NC Medical Malpractice Lawyers: The Damage Cap for Medical Malpractice Claims in North Carolina. | Shapiro, Washburn & Sharp

Unfortunately, the advocates for tort reform secured a victory in the Tar Heel state. The North Carolina state legislature placed an arbitrary, unfair “damage cap” of $500,000 for noneconomic damages.

Basically, in any personal injury case, there are two primary types of damages a plaintiff can pursue: economic damages and noneconomic damages. Economic damages cover things like your lost wages. Noneconomic damages cover your emotional and psychological trauma.

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According to § 90-21.19(a) of the North Carolina Code, the damages that can be recovered by a medical malpractice victim for pain and suffering against all defendants cannot exceed $500,000. Any Judgment that exceeds this limit will actually be modified by the courts to fit the $500,000.00 cap.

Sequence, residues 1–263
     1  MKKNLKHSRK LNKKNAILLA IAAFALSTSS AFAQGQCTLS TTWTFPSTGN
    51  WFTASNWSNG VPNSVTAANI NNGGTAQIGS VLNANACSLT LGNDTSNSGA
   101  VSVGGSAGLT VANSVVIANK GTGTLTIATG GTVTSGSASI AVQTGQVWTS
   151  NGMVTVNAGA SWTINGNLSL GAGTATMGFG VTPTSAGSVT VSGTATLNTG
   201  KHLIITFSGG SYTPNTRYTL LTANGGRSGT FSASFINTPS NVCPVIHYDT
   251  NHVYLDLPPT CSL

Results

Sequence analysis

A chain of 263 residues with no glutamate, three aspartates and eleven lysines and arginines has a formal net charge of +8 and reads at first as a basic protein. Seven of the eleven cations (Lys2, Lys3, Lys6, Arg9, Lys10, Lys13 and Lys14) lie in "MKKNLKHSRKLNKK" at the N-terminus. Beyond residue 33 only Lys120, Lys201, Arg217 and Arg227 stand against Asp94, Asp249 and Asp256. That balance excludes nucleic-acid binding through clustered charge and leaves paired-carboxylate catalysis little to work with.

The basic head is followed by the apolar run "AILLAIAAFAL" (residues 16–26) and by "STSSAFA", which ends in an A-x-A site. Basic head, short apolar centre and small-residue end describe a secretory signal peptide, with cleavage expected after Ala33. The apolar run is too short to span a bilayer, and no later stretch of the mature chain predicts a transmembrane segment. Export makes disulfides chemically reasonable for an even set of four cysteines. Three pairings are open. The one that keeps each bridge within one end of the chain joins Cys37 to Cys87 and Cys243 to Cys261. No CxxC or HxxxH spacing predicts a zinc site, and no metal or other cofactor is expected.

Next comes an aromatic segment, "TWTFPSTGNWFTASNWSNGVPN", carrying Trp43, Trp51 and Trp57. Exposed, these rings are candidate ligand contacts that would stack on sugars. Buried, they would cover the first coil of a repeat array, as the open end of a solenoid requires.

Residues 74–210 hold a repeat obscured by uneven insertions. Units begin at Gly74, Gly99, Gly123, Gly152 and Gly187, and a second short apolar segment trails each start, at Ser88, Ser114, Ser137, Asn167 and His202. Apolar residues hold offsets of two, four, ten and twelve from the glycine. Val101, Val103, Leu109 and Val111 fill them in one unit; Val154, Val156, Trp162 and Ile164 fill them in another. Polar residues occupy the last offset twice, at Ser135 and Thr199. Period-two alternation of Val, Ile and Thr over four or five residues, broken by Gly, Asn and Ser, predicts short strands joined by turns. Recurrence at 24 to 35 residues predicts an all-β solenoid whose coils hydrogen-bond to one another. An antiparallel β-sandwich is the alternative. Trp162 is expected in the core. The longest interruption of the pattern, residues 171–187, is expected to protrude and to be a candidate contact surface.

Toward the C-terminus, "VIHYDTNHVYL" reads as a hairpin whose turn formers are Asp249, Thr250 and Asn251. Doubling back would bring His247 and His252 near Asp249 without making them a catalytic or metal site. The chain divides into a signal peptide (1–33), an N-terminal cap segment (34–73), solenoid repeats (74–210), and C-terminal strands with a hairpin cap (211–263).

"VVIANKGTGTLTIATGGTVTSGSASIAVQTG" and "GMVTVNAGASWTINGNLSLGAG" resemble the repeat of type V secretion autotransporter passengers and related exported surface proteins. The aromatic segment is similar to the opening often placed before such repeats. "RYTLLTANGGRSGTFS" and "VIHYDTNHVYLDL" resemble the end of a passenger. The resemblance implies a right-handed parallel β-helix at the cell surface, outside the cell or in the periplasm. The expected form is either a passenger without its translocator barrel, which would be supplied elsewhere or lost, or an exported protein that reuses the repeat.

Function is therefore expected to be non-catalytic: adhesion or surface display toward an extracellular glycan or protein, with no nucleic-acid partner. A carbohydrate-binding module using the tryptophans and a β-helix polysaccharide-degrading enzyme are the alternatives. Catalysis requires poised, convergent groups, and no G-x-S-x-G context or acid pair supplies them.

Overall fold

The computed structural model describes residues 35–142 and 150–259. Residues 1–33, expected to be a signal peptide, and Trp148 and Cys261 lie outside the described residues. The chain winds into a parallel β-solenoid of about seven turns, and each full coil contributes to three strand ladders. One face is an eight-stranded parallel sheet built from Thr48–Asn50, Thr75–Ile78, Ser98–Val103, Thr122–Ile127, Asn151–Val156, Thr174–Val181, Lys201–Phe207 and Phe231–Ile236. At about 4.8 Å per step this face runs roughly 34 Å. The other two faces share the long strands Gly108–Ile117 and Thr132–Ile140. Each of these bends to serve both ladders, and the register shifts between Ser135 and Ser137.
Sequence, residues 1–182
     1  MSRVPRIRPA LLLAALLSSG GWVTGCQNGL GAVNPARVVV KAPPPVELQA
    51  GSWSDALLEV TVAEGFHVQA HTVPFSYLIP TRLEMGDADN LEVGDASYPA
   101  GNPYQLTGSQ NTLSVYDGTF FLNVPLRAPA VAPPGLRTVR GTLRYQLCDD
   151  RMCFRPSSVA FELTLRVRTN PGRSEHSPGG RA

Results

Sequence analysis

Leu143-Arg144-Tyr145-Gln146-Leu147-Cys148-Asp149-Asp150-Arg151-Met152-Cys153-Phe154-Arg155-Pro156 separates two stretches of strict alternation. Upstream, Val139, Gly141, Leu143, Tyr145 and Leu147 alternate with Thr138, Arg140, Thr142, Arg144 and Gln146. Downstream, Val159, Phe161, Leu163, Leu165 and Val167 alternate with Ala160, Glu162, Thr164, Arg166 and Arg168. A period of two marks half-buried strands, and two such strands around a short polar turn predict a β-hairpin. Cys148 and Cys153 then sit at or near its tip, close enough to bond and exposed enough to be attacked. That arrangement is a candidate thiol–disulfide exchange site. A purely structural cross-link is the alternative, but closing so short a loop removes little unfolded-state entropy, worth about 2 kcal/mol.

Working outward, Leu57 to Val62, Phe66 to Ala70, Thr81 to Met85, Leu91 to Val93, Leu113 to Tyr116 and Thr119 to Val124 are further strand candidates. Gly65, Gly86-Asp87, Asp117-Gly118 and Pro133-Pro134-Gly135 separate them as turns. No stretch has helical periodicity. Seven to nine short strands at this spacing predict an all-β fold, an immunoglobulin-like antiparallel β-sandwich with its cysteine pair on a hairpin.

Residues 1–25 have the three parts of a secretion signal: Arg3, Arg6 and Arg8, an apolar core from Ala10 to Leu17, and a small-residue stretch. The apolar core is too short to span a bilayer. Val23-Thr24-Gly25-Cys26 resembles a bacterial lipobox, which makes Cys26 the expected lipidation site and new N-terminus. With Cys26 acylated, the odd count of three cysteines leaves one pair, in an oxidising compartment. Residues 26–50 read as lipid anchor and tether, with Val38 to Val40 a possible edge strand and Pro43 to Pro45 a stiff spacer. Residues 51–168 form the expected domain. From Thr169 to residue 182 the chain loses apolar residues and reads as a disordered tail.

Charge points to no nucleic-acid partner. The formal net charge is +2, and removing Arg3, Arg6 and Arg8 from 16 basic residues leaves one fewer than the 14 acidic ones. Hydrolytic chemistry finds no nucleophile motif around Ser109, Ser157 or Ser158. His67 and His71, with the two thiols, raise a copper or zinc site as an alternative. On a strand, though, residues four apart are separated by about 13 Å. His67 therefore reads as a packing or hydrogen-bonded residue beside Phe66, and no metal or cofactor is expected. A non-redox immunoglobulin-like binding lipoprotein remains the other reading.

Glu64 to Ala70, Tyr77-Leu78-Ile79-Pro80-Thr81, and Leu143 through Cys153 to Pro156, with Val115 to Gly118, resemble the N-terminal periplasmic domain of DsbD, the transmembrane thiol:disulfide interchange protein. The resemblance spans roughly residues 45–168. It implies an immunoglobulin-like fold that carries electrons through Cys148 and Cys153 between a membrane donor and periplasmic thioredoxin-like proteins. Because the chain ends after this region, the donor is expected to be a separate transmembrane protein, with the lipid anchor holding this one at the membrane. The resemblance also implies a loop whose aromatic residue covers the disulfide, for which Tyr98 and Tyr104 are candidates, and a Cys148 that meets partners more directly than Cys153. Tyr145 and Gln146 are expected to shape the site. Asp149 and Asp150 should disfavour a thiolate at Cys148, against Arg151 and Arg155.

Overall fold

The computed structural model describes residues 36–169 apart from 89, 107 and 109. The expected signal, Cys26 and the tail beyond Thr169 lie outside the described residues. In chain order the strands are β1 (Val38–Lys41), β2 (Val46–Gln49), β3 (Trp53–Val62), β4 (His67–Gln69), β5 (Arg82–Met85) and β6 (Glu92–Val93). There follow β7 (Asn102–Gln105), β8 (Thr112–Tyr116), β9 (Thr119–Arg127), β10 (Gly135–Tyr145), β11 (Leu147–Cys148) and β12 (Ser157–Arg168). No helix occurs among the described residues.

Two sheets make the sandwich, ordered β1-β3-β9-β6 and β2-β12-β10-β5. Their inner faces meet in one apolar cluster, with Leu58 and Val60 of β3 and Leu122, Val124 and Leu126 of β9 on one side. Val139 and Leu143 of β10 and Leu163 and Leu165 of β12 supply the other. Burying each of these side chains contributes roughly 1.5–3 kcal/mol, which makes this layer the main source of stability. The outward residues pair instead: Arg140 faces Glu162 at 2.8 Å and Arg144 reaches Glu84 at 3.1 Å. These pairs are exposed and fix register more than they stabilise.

However, not all hope is lost. There is a provision in the law that provides some flexibility around the cap. If the judge or jury finds both that (1) the plaintiff suffered disfigurement, loss of use of part of the body, permanent injury or death AND (2) the defendant acted with reckless disregard or with malice, then damages can be awarded that surpass the $500,000 cap.

Essentially, this means that if your injury is significant and it can be established that the defendant doctor acted recklessly, then there’s a chance that the $500,000 cap would not apply. If a jury is acting as the trier of fact, then the jury will not receive a damage cap instruction.

There are also reserved punitive damages, which are separate from the $500,000 noneconomic damages cap that can be awarded. Though, punitive damages may not exceed three times the amount of compensatory damages OR $250,000.00, whichever is greater. So, basically, you’ll get the larger sum of either $250K or three times the amount you receive in compensatory damages.

The major problem with damage caps in general is that it is very hard to place a set limit on the damages that should be afforded to injured parties due to the medical negligence of a physician or care provider. It is also questionable to place a set number of $500,000 as a cap without any real reason as to where this number comes from and why.